‘Something’s Not Right’ campaign receives more than 5 million views on Instagram

Comedian Arron Crascall and YouTuber EmanSV2 helped highlight the need for better education around the subject of online child abuse.

Eman SV2

A campaign to raise awareness among young men of how to report crimes involving indecent images of children has gained more than 8.5 million user impressions and 5.4 million views.

The ‘Something’s Not Right’ campaign is a collaboration between social video firm Brave Bison, the Internet Watch Foundation (IWF) and the Marie Collins Foundation (MCF).

The IWF works to remove child sexual abuse materials from the internet, while the MCF offers services to individuals and families affected by it.

Brave Bison enlisted comedian Arron Crascall and YouTuber EmanSV2 to participate in the campaign and highlight the need for better education around the subject of online child abuse.

The target audience for Something’s Not Right was men aged between 18 and 24. While 80% of this age group can recognise children in indecent images are harmed by the experience, only 58% know how or where to report a crime of that nature, according to research from the IWF and MCF.

CEO of Brave Bison, Oliver Green, said the company was well-placed to come up with an effective social media strategy to reach this demographic, and chose influencers, Arron Crascall and EmanSV2, because their combined following of 5 million fit the target audience.

The influencers posted “deliberate mishap” photos to their Instagram accounts – Crascall posting a picture of himself lifting weights in the gym, with his friend visible in the mirror supporting the loaded barbell. EmanSV2 posted an image of himself wearing both Arsenal and Spurs kit.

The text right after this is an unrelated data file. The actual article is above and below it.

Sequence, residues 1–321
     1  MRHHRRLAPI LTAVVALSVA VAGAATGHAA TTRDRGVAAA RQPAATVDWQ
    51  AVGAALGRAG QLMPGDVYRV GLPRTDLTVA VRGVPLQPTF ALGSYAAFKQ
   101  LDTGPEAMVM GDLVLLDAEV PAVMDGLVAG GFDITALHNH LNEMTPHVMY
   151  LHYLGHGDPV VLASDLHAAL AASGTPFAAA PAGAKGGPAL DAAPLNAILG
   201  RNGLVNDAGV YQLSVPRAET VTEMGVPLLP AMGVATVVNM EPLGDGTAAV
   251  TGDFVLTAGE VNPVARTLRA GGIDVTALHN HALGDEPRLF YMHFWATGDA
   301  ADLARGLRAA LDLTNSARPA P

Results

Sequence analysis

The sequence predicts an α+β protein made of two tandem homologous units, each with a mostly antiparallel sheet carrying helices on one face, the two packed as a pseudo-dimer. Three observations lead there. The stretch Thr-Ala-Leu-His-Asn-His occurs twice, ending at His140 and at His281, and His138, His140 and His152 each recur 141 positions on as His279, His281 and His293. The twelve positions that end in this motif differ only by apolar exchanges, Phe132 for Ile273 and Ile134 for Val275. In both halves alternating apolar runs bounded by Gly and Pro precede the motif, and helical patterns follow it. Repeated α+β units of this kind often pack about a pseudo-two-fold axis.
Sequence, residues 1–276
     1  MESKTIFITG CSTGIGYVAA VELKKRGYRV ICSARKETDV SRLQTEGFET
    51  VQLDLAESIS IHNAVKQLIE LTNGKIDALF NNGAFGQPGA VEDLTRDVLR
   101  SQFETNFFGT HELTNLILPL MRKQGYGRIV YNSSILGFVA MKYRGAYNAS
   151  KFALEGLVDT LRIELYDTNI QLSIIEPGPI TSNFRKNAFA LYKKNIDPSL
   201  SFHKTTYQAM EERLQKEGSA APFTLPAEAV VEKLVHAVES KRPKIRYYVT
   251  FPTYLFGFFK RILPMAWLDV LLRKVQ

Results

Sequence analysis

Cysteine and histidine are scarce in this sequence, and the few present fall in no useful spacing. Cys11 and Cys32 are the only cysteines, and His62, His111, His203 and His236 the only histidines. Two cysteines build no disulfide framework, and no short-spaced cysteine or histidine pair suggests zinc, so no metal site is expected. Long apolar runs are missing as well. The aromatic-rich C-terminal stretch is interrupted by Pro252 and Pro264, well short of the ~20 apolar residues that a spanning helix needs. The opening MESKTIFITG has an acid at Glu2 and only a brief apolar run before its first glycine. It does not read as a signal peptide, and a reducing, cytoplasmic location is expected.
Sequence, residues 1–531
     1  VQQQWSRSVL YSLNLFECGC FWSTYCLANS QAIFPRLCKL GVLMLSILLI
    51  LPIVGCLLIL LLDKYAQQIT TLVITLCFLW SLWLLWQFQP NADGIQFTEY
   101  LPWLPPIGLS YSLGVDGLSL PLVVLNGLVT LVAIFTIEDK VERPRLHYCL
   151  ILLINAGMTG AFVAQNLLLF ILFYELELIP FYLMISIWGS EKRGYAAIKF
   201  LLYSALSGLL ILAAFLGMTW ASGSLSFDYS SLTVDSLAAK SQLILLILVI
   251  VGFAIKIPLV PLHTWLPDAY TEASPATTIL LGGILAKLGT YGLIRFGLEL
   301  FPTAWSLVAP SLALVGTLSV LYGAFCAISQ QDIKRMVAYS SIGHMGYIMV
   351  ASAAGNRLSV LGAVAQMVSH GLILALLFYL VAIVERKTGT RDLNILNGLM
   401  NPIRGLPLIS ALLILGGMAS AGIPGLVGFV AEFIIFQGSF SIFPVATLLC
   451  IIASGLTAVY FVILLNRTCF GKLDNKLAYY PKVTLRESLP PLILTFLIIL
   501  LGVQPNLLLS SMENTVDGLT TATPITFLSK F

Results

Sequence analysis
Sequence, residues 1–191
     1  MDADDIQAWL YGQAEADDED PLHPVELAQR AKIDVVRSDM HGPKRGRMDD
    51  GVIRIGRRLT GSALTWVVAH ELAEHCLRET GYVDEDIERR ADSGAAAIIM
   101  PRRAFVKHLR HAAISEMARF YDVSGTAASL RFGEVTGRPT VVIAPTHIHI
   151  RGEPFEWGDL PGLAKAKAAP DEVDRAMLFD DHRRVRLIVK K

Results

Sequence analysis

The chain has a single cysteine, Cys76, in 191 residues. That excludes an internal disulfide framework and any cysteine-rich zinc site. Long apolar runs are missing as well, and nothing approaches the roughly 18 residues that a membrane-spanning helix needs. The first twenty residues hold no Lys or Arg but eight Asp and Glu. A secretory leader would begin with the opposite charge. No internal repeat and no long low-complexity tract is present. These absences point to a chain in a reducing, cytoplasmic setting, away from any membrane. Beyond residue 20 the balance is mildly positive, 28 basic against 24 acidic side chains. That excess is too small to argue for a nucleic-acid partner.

Followers commented on the posts, calling out the mishaps, and 24 hours later the influencers revealed the posts were part of the awareness campaign, encouraging their fans to report when they see that ‘Something’s Not Right’.

Green said it is not easy initiating a discussion with an audience on social media about a serious topic, so for the campaign they chose to “provoke them in a way that would make them engage with the content”. He said the photos were a way to trigger the audience to comment and point out the mistake without making the audience uncomfortable.

“I think it was very genuine, very authentic,” said Green. “The content was not something you could scroll past without taking a look at.”

Chief executive of the IWF, Susie Hargreaves OBE, said the role Brave Bison played in the campaign was “spot on”, and its participation, alongside Crascall and EmanSV2, helped the message reach more people.

Arron Crascall said he was glad to be involved in the campaign, and that being “involved in changing lives is a great feeling.”

Brave Bison was chosen for the campaign based on its experience in influencer marketing, and Green said the company would consider being involved in other campaigns of this nature in the future.

He added: “We’re keen to change the narrative around social media and how it can have a positive impact on our culture and society. We fully appreciate that there are some pitfalls, but at the same time I think there is social for good.”

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